A pastor/friend: “Obviously if he is still treating you badly then you are not doing everything you can to change.”

“If there is no visible bruise and if no clothes are removed, {it’s not abuse and} it doesn’t matter.”

“A good wife knows how to meet his needs in a way that he won’t feel threatened.”

On getting help for being repeatedly falsely accused of infidelity: “People don't suspect things without good reason. You must have failed to show the love of Christ {to your husband} in some way."

A pastor: “Prostrate yourself before him and humble yourself before all his questions and continue to answer him."

A pastor: “Well, I'm so relieved that you don't want me to take any disciplinary action against him! That would’ve been difficult."

I hope you are sick to your stomach as you read this. I hope this makes you so very sad. I don’t think any of these people meant to hurt the women to whom they were speaking (at least, I hope they didn’t). Probably these people are speaking out of fear, out of pride, or simply ignorance of these types of situations. 

I need to reiterate: this was not my overall experience. My overall experience with seeking help from my church was very positive. But as you can see, there are women who are coming to our churches and they are asking for help and this is what they are sometimes being told. You have perhaps said words like this to a woman in need. And well-meaning as it might be, I would bet, if given advice like the above, these women are not coming back for more. So they are either heading to other places for potentially unbiblical help, or crawling right back into their marriage pits for another round of abuse, lies, control and fear. They are scared. They are confused. They need us to really hear them, to really understand them, and to really step in and help them.

So if a woman comes to you, here are a few of my layperson’s don’ts:

Don’t shame the woman into doing couples’ counseling immediately after an abuse incident. She will not feel emotionally safe in a counseling session, and odds are, if her husband fits the profile, he will acquiesce to counseling to placate everyone, and he will be able to charm his way through the actual sessions, only to have things blow up afterwards. They should do individual counseling for a time first. (Not everyone will agree with this, but I know some who would…see this post from Leslie Vernick on emotional safety.)

Do not only address the women’s sin issues. Trust me, the abused woman already knows she’s a sinner. She’s been told that for years and she has belittled herself in every way possible. I read of a woman who even wrote out a prayer of confession in her journal for wanting to go back to school in the helping profession because her spouse told her it was wrong of her. God hadn’t told her it was wrong, her spouse did; but she felt it was sin and needed to be confessed. The abused woman, for the most part, is already very aware of her own issues and is working on them tirelessly. The husband’s issues of abuse or addiction must be addressed simultaneously or you are just throwing her to the wolves and adding on to her shame with a new list of things to work on that won’t change the marriage.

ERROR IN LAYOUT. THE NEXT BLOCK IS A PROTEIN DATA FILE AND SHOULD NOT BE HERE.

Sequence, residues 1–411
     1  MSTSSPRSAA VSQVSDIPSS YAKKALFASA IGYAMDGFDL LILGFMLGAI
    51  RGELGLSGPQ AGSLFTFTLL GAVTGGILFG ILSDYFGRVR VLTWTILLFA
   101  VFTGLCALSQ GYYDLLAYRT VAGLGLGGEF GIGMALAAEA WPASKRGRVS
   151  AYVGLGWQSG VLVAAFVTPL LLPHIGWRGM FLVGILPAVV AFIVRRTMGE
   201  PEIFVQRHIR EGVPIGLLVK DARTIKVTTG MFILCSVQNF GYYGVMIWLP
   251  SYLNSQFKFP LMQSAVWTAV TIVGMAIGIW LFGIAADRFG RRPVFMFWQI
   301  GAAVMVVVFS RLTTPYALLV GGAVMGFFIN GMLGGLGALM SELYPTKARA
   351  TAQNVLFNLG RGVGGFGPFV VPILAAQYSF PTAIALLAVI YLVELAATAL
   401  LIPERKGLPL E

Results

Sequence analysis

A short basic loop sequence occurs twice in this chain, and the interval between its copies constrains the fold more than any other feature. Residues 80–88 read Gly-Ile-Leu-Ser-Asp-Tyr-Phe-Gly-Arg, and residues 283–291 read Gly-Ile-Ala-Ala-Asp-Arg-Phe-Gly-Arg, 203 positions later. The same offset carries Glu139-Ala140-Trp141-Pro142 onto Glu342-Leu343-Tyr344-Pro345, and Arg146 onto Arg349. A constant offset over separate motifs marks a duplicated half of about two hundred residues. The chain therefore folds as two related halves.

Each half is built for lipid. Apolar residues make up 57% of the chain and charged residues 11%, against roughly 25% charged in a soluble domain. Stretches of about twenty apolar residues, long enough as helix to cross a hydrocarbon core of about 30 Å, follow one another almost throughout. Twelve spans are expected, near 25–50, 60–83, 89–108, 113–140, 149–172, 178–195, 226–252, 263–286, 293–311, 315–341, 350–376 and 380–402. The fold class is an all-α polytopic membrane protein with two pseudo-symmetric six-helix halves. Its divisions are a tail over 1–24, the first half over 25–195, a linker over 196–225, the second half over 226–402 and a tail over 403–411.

Don’t continue to counsel her if you have no experience working with abuse or addiction. This is a whole different animal and you may end up unintentionally doing more damage or prolonging the process to healing if the real issues aren’t addressed. So please be humble enough to know when you’re in over your head and pass her/them over to someone who knows how to work with these delicate issues.

So, I’m pleading with you, please take the testimonies of these women as one huge cautionary tale of what not to say to a hurting woman in an abusive or addiction-filled marriage. Next time we’ll talk about some of the good stories and what you can and should say to help her get to the healing place.

Elisabeth K. Corcoran is mom to Sara (16) and Jack (14-1/2).  She loves spending time with her kids, her friends, reading and writing.  She is the author of At the Corner of Broken & Love: Where God Meets Us in the Everyday; One Girl, Third World: One Woman’s Journey into Social Justice; He Is Just That Into You: Stories of a Faithful God who Pursues, Engages, and Has No Fear of Commitment; In Search of Calm: Renewal for a Mother’s Heart; and Calm in My Chaos: Encouragement for a Mom’s Weary Soul.  All these books can be purchased on Amazon.com in paperback or Kindle.

Visit her website and her blog.

You can follow her on Twitter at ekcorcoran or friend her on Facebook.

If you are in a difficult marriage or find yourself going through a difficult divorce, I have created two private groups on Facebook that I would like to invite you to. Simply email me at elisabethkcorcoran@gmail.com, let me know if you're interested in the married group or separated/divorced group, then send me a friend request on Facebook. If you're in need of some encouragement, I invite you to join us.

Elisabeth is a proud Member of Redbud Writer's Guild.

Publication date: January 10, 2013